Basic Estate Planning Documents

There's no joy in contemplating our own mortality, but if you give forethought and advance planning to the settlement of your estate, you can be reasonably sure it will be distributed the way you want. Estate planning can be depressing for the simple reason that you'll never live to see the fruits of your efforts. But that doesn't mean you should ignore it. Once you get it over and done with, you'll feel at least some comfort in knowing that your heirs aren't going to have to go through the considerable hassle of settling an estate that is bereft of a will and other estate-planning documents. Here are some of the basic matters you need to think about and documents you need to have prepared. If you already have these documents, make sure they're up-to-date. Federal and state laws change, estate tax regulations change, and your own family and financial circumstances change.

There are three basic estate-planning documents:

  • A will. This legal document tells who will manage your estate, who will get your belongings, and who will become guardian of your minor children when you die. Die without a will and the state makes these decisions—often at an added cost to those you love most.
  • Durable power of attorney, which delegates the power to legally handle your business and financial affairs should you become disabled or incapacitated. Without this, no one may be able to access your bank account, securities or any other property in your name without lengthy legal proceedings.
  • Advance directive is a catch all term that refers to health care directives, living wills, health care (medical) powers of attorney, and other personalized directives, all of which let you legally express your preference for continued health care should you later become terminally ill. A health care power of attorney (also called a designation of health care surrogate), names a spouse or trusted relative to make health care decisions for you in case you are physically or mentally incapable of doing so on your own.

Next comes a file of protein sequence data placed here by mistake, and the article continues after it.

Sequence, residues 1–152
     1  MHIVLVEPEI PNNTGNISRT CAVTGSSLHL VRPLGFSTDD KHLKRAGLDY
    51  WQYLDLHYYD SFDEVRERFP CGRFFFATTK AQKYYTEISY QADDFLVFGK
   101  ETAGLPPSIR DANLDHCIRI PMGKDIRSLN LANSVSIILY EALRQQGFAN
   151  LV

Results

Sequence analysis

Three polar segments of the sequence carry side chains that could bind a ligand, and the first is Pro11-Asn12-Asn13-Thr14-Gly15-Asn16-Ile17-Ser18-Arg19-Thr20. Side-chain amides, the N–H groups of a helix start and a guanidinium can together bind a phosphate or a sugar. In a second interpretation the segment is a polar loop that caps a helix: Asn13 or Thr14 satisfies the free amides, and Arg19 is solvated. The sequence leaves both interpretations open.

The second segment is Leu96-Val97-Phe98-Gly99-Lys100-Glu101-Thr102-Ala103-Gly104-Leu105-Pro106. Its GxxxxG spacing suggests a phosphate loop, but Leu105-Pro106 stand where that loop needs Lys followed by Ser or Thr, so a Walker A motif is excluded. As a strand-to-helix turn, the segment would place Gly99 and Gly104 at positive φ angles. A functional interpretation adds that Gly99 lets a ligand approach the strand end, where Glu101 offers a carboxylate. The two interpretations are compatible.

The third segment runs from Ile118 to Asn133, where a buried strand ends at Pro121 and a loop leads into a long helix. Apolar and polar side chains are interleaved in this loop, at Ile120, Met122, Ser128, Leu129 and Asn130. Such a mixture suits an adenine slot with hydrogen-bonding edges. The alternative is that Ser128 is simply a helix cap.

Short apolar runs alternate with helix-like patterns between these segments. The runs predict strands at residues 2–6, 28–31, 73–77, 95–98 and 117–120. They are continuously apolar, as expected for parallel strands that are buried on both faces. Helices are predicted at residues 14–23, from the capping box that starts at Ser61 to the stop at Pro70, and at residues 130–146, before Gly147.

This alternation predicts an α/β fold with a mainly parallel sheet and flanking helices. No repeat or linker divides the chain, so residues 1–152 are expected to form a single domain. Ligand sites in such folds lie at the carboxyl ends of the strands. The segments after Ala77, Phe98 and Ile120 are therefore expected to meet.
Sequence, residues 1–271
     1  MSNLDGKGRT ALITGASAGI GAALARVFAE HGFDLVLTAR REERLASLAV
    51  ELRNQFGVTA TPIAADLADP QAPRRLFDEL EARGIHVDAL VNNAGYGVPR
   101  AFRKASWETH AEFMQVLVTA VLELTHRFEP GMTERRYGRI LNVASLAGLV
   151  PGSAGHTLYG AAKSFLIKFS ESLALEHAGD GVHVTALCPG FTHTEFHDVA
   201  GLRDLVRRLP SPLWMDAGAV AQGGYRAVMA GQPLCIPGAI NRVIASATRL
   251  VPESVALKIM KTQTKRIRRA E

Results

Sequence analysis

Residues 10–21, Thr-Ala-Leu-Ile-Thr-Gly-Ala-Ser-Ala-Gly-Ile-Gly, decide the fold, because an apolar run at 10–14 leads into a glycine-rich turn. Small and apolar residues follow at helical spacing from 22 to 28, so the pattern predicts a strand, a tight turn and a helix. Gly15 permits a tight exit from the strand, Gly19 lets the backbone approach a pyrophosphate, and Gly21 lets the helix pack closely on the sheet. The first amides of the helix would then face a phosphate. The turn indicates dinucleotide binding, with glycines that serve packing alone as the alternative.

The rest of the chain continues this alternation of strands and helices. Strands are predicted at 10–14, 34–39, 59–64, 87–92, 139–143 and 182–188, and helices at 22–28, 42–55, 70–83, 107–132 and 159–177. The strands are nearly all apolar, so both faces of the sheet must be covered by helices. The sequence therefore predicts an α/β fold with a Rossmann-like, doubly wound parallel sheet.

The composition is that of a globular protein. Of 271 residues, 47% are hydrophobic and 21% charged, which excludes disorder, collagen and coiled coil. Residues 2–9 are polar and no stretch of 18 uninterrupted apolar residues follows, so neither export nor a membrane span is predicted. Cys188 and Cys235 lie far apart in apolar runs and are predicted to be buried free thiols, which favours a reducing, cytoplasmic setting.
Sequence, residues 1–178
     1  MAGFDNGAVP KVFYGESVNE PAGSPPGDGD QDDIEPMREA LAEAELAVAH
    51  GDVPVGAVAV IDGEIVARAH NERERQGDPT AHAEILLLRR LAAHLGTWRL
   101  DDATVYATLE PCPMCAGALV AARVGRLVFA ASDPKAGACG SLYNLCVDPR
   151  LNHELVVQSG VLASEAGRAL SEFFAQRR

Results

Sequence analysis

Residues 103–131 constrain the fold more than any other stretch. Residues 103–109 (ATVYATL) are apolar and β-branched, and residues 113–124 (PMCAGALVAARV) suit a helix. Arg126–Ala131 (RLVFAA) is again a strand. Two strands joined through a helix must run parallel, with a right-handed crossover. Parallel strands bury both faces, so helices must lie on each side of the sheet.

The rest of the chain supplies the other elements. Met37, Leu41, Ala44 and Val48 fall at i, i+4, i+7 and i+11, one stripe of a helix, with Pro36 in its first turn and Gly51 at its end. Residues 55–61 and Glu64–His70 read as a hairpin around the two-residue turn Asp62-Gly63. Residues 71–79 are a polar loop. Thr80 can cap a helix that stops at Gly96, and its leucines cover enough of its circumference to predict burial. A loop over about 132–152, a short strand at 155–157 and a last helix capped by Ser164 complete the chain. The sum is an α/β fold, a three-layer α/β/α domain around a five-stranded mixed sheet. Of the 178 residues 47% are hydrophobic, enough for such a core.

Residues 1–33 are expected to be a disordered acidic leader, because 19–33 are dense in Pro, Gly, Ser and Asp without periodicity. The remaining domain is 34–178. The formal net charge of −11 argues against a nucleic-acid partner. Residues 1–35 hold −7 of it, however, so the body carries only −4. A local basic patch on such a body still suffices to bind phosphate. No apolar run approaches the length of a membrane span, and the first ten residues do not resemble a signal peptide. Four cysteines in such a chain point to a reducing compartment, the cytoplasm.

Don't try to prepare these important documents yourself. Have an attorney do it. Unless your financial or family situation is unusually convoluted, it won't cost much. There are a lot of mistakes that we make in life that can later be rectified, but if you mess up on your estate-planning documents, even a séance cannot help.

Letter of instructions. A letter of instructions is an informal document that gives your survivors information concerning important financial and personal matters that must be attended to after your demise. You don't need an attorney to prepare it. Although it doesn't carry the legal weight of a will and is in no way a substitute for a will, a letter of instructions clarifies any special requests to be carried out upon death. It also provides essential financial information, thus relieving the family of needless worry and speculation. Just as with other estate planning documents, be sure your loved ones know where your letter of instructions is located.

Other estate planning strategies for the very well off. If you're fortunate enough to be worth a few million dollars, you need to consider ways to cut estate taxes. Although estate taxes are slated to be eliminated, many expect them to be reinstated. Also, many states have estate taxes—some even more onerous than the federal tax.

Here's how federal estate taxes work for married couples: Your spouse inherits your assets estate-tax-free. But once the second spouse dies, assets above a certain level may be taxed. Heirs also may need to pay income taxes on certain retirement accounts after estate taxes have been paid. You'll want an attorney to help you figure out how to cut the impact of taxes on your estate. Common options include making gifts to family members and charities.
Consult an experienced estate planning attorney and insurance agent before you make this move. Professionals also should consider the impact of your estate plan on long-term care decisions.

Spread the word. Make certain loved ones have copies of all important estate planning documents. Periodically review them to make sure they're up to date and laws haven't changed.